With Interventions, Richard Russo’s new collection of short stories, readers get more than just words on the page (or the screen — more on that later).

They get a boxed set designed to be a treasure trove of words and artwork, an heirloom-quality collection that is the result of a family project. Mr. Russo, a Pulitzer Prize-winning author, supplied the words for the four short stories, while his daughter Kate, an artist, created paintings to represent each of the stories. Prints of the paintings are tucked inside each of the individually-bound books, which were designed by Ms. Russo’s husband, Tom Butler.

The three were in Vineyard Haven Sunday for a book and art signing at the Bunch of Grapes bookstore. It was a fitting time and place to discuss the family project, which features stories about obsession and interventions and is a tribute to the book as an object. The lure of the Cape and the Vineyard figures prominently in some of Mr. Russo’s novels, and in his own life — he and his wife, Barbara, have been coming to the Vineyard for years. Sunday was their 40th wedding anniversary.

And Kate and her sister Emily used to browse for books at Bunch of Grapes on rainy Vineyard days. Years later, “we started thinking about those books, what those books that had meant the most to us, especially when we were young, what they were like,” Mr. Russo said Sunday, sitting with his daughter and son in law outside Mocha Mott’s. “And a lot of them, of course, were books that married either paintings or drawings or art of some sort with text.”

“So we started talking about the language of the image versus the language of narrative.”

The three, all Maine residents, are a multi-talented team. Ms. Russo, 30, is an artist who works with abstract art and color theory. She met Mr. Butler, who is English, while doing graduate studies at the Slade School of Fine Art in London. While there, Mr. Butler worked at the book bindery.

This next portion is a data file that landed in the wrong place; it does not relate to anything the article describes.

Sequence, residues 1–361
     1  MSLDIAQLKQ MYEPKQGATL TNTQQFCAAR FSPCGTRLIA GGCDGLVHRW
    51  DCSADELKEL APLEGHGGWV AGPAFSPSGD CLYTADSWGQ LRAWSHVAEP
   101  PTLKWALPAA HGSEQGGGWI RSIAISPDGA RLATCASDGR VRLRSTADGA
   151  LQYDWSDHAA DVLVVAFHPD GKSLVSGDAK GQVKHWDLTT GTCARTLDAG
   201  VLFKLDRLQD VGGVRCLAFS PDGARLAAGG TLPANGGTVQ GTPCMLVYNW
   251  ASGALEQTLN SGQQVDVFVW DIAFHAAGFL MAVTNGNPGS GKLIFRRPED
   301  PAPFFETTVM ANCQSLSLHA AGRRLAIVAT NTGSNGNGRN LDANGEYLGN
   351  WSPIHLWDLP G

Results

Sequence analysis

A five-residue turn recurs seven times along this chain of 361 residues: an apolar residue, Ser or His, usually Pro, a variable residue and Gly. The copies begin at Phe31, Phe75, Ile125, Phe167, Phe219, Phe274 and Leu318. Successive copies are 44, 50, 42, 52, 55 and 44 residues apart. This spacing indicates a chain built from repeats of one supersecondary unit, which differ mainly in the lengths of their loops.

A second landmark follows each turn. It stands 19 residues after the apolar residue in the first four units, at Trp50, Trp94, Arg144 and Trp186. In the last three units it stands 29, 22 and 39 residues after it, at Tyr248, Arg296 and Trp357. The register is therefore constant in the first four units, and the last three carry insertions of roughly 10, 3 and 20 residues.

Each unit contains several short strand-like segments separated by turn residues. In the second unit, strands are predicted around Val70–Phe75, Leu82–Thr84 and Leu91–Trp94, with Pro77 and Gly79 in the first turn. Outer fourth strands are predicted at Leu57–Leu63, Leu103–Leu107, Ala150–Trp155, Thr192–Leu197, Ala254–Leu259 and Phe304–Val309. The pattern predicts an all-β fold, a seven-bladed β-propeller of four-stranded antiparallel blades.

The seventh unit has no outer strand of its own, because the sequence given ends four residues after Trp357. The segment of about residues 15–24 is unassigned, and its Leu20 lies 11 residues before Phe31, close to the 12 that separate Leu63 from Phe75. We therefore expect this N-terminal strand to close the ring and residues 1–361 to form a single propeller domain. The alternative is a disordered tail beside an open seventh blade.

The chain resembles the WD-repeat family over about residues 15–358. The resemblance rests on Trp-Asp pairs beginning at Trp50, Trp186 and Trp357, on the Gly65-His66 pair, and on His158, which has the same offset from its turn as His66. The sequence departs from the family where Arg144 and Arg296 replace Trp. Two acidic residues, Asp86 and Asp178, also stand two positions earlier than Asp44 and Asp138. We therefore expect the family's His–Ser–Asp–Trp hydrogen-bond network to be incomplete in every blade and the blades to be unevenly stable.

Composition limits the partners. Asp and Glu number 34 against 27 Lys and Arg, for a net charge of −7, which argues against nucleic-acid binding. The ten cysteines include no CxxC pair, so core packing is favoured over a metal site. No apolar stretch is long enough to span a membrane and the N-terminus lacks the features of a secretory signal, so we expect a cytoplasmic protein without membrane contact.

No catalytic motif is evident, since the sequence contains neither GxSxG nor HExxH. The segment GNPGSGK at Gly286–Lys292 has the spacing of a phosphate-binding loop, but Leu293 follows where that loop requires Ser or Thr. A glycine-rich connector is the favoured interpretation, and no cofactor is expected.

The result of their collaboration was Interventions, a set of four short stories. The title novella was written for the collection, and three other stories, The Whore’s Child, Horseman, and the nonfiction story High and Dry have appeared elsewhere, in magazines or collections of short stories.

“We all kind of had a unique skill that we put together,” Ms. Russo said. She created pieces of representational artwork to represent each story: a stack of boxes, black oxford shoes on a black and white floor, the view as someone rides a horse.

Mr. Butler worked on the design. “I had this idea of keeping these things separate, as a collection, instead of binding them all together in one unit,” he said.

“We just wanted a beautiful art book where the design and the art would have similar weight to the words in the book,” Mr. Russo said.

He added: “There was simply no way to do that in an e-version.” The book will not be available as an e-book, by choice.

“I don’t think we’re necessarily saying that one is better than the other, it’s just that different media offers different opportunities,” Mr. Butler said. “And so by choosing to go one way or the other for me is very, very exciting.”

Mr. Russo, 62, said he spends a lot of time staring at screens; while he still writes in longhand, he revises and edits on a computer.

“I just find myself getting cranky after awhile, of staring at screens, and I like the physical book a lot,” he said.

richard russo
From left: Tom Butler, Richard Russo and Kate Russo. — Ray Ewing

And while Mr. Russo said he’s fine with e-books — he often uses his iPad to read books sent by his publisher — he has been a vocal critic of Amazon, the online book vendor. He said online book shopping makes it hard to discover new authors — you might be looking for Peruvian poetry and Fifty Shades of Gray will pop up as a suggestion.